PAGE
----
Take products to the next level in your practice.
Chiropractors tend to obsess about finding new patients, and there’s no shortage of advice on how to reel them in. True, gaining new patients is important, but how many DCs give serious thought to what it takes to keep and leverage existing ones by making the most out of every visit? With diminished reimbursement rates that are likely here to stay, and other familiar challenges facing the profession, chiropractors who understand the power of product retailing will have a significant edge.
Most DCs—nearly 95 percent—already offer some sort of product in their practice, according to Chiropractic Economics’ 2014 Salary and Expense Survey (see sidebar).1 But there’s a big difference between the DC who sells an occasional pair of orthotics and one who has successfully leveraged retail as an important revenue stream.
Get out of your own way
The first challenge the product-retailing DC must overcome is a mental one. Many DCs confess that they don’t feel comfortable selling, that a sales mindset feels unprofessional.
Successful doctors have reframed their thinking, focusing on the optimal patient experience. Patients like to look, touch, and feel. They are ready to invest in their health with your services and products. Ask yourself why you would not offer everything you can to ensure your patients are getting better, both in your practice and at home. Why would you not use every tool at your disposal to engage patients in their care.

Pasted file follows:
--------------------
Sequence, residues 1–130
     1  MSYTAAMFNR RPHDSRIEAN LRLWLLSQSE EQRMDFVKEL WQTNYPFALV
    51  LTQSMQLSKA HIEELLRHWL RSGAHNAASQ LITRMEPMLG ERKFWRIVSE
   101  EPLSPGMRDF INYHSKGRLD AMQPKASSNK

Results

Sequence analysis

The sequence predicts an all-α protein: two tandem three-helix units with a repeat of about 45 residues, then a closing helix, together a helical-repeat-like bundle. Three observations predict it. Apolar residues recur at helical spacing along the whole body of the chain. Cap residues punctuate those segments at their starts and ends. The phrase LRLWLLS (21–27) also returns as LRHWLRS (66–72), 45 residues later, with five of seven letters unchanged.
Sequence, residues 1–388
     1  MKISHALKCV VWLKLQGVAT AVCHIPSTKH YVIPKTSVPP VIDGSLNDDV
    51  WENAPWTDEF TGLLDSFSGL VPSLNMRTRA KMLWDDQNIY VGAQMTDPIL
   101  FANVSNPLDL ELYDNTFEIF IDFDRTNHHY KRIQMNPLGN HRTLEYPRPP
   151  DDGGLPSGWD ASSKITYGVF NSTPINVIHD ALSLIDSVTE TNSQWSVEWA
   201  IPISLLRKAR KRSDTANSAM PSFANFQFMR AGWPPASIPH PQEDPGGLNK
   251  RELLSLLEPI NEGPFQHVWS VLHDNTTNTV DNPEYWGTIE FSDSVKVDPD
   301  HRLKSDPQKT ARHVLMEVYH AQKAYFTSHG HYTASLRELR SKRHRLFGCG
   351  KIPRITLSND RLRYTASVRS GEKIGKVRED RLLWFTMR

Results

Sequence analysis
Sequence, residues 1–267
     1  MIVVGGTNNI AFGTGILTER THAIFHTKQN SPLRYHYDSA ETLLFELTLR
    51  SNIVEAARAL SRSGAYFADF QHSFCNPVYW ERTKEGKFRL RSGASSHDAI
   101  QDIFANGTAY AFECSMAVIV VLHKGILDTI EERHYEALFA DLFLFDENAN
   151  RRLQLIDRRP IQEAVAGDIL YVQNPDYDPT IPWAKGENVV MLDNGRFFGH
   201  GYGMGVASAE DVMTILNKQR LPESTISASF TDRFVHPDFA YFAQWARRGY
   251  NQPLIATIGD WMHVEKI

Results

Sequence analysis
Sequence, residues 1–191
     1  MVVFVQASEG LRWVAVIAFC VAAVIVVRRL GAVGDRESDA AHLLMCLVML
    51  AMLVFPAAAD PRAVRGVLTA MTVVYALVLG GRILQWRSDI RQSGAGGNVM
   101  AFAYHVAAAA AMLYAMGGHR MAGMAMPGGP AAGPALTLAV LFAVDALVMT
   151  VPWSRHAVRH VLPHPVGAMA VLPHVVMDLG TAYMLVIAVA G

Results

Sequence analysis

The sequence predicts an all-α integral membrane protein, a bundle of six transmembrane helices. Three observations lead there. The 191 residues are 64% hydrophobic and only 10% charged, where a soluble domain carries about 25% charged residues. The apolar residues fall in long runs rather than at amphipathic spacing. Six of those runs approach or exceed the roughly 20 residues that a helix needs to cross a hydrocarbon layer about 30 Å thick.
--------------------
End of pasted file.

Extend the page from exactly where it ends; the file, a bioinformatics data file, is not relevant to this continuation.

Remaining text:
Think about an optometrist’s office. There’s the clinical side, where examinations take place, and a beautiful gallery of products to fulfill the optometrist’s prescriptions. Most DCs who offer products tend to keep them stuffed in a closet, mentioning them only as an afterthought. Taking your products from the closet space to the showcase makes your office a more interesting and engaging place to be; it shows you’re serious about offering the best and latest tools to enhance patient health and recovery.
Do your homework, and start small
Once you’ve trained yourself to think differently, it’s time to do your homework. You already know your patient base, so what are they interested in? What are their lifestyles like?